Speaking recently at a fintech summit in Lagos, Nigeria, the Product Partnerships Lead at Paystack, Khadija Abu said industry players will support any regulatory framework that does not negatively affect fintech companies.
Regulation of business activities has always been in the purview of government ministries, departments and agencies. These regulations keep businesses in check and accountable but as of now, there are no comprehensive regulatory frameworks for the financial technology (fintech) sector in Nigeria. But recent frameworks from the Central Bank of Nigeria (CBN) that have any connection to the sector have been somewhat discouraging.
Apparently, the lack of a comprehensive regulatory framework for the fintech space is not peculiar to Nigeria. Razaq Ahmed, CowryWise co-founder and CEO said the global fintech industry usually moves ahead of regulations.
“Most fintech companies still operate within existing regulatory licenses that were designed with good intention but not for today’s fast-paced world,” Ahmed said, reiterating the lack of a comprehensive framework for the sector.
Irrespective of the pace at which regulation is playing catch-up with the fintech industries, the case of Nigeria seems different. Commercial banks in the country have been using the Unstructured Supplementary Service Data (USSD) to provide financial services to customers since 2013 and CBN just came up with a regulatory framework for the platform earlier this year (PDF).
A clear indication that there’s no need to wait on regulation towards driving innovation in Nigeria.
CBN recently put out a framework for the establishment of Payment Service Banks (PSB). Mobile money operators are part of the eligible promoters as they can upgrade their licence to that of a PSB. However, it is required that they have a higher financial strength to do so.
For Ahmed, part of the major challenges while starting up CowryWise were the hurdles of getting the appropriate licence as well as partnerships needed to build and operate within the confines of the law.
Another option that PiggybankNG co-founder, Joshua Chibueze thinks is available for startups is to build products for banks on the ground that Nigerian banks are on the lookout for tech companies to work with.
“It would be easier for you to build or work for a bank if you cannot raise the needed capital.”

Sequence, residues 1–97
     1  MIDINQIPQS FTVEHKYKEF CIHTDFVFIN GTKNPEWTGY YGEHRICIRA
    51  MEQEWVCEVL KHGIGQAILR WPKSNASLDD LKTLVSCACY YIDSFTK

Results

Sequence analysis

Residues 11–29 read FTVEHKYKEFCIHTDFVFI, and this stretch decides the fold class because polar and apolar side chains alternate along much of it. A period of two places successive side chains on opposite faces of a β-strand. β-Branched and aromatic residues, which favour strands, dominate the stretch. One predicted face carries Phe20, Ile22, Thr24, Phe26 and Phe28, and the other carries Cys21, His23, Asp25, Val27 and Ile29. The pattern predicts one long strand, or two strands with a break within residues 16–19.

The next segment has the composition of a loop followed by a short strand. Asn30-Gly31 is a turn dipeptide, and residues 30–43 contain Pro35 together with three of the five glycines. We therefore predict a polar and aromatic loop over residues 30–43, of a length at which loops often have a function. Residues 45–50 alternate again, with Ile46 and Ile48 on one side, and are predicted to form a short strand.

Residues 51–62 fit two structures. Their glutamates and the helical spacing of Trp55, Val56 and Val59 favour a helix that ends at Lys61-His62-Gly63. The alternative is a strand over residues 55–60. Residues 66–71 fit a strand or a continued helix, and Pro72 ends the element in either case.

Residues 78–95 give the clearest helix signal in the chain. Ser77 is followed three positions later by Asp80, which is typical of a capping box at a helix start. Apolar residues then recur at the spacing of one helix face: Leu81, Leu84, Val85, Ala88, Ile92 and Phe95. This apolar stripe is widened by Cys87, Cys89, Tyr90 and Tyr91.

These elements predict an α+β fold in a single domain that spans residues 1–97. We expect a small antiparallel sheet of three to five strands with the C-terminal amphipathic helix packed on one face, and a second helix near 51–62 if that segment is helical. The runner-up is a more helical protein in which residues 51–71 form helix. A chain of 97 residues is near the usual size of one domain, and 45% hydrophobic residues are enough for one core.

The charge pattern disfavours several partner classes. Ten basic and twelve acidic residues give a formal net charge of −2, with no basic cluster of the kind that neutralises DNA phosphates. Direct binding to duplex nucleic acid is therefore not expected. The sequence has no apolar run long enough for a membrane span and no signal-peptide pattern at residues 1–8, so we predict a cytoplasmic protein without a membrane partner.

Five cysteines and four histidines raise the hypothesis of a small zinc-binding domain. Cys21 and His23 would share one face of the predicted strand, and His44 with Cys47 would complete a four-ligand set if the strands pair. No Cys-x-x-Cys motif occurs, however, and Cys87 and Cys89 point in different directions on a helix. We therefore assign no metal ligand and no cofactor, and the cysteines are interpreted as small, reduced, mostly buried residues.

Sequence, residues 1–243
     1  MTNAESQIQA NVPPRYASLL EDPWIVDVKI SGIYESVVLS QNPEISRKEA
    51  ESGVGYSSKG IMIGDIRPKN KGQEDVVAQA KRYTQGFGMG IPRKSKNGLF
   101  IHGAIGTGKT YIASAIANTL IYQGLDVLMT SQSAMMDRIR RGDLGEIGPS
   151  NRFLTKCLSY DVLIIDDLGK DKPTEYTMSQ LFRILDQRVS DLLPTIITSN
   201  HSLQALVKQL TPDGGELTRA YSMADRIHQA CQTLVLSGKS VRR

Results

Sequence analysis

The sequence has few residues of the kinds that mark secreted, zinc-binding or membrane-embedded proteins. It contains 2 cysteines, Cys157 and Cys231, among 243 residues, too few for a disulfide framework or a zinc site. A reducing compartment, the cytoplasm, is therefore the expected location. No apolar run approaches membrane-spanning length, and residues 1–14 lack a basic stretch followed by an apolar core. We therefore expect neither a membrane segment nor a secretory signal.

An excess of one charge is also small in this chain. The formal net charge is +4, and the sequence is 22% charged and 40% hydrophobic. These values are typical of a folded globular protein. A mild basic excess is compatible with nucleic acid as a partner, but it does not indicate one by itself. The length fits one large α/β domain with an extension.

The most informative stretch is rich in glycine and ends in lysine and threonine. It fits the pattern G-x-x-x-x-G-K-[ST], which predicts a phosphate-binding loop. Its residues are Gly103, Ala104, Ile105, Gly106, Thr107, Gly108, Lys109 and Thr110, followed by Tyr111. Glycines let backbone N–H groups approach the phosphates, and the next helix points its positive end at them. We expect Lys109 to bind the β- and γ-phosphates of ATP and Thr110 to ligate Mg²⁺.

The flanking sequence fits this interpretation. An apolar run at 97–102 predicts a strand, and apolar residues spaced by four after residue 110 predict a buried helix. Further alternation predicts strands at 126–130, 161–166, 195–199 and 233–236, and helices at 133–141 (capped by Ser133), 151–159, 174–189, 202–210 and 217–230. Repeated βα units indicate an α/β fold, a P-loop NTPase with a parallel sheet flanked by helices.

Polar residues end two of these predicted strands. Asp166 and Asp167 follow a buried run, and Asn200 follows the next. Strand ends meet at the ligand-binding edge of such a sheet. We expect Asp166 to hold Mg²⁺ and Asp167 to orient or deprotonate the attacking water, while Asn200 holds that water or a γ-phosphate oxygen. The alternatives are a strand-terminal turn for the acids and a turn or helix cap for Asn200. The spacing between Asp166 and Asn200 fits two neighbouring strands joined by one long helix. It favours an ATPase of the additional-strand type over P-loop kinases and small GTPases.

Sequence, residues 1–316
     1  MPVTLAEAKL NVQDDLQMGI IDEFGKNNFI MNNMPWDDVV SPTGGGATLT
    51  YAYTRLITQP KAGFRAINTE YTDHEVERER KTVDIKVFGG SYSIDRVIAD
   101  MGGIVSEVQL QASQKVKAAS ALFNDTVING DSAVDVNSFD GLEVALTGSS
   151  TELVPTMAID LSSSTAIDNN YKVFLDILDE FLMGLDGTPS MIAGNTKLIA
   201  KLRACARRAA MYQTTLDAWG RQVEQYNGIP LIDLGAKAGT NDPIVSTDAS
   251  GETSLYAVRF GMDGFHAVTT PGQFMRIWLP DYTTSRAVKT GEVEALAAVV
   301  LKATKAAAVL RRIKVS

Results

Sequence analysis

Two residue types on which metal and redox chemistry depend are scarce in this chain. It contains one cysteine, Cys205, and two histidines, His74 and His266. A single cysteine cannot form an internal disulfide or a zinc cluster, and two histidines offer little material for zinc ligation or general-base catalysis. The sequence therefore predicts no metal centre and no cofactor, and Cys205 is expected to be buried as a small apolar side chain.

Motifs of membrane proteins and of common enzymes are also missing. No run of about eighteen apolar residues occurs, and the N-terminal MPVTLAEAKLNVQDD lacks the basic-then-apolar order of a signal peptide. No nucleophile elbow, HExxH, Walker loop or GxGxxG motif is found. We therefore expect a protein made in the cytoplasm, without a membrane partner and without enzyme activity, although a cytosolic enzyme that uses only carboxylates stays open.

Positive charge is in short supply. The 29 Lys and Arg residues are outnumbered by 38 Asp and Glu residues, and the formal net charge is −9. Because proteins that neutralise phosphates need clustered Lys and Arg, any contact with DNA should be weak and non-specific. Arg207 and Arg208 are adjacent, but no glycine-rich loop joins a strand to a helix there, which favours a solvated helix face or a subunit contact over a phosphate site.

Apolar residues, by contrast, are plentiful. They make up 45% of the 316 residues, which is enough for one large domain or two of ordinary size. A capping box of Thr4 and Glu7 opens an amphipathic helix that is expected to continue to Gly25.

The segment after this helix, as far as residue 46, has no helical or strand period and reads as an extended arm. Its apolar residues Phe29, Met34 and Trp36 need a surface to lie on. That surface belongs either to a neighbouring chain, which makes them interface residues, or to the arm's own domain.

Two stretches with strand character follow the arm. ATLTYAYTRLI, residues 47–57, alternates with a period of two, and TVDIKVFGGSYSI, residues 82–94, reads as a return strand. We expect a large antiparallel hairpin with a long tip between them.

As it is, some of the fintech startups are partnering and working with banks in the interim to offer their services pending the time that the regulatory body comes up with a framework for the sector.
PiggyTech Global Limited — the company behind PiggybankNG — acquired Gold Microfinance Bank and PiggybankNG is currently operating as a product of the bank.
In October 2018, the apex bank increased the capitalisation of all the categories of microfinance banks (MFBs) in Nigeria. The new capitalisation for unit MFBs is ₦200 million (previously ₦20 million). State microfinance also got 1000% increase while national got 250%.
For PiggybankNG, which is under a unit MFB licence, this is a blow. Commenting on the recapitalisation move by CBN, Chibueze said the capital requirement is a bit tough on new entrants. However, current players have till the year 2020 before they would definitely feel this toughness.
In spite of the intentions of the regulatory authority, Chibueze believes there’s still the need for a balance on something that works for every concerned stakeholder.
₦5 billion shareholders fund requirement and others
Other fintech companies that are providing payment systems are not left out. A recent circular on the exposure draft of new CBN licensing regime for payment service providers (PDF) pegs the required minimum shareholders’ funds.
The minimum shareholders’ fund for payment system providers (PSP) with a super licence (payment gateways, PoS and switching services) is ₦5 billion; ₦3 billion for a standard licence (mobile money operators) while that for a basic licence is between ₦50 million and ₦100 million.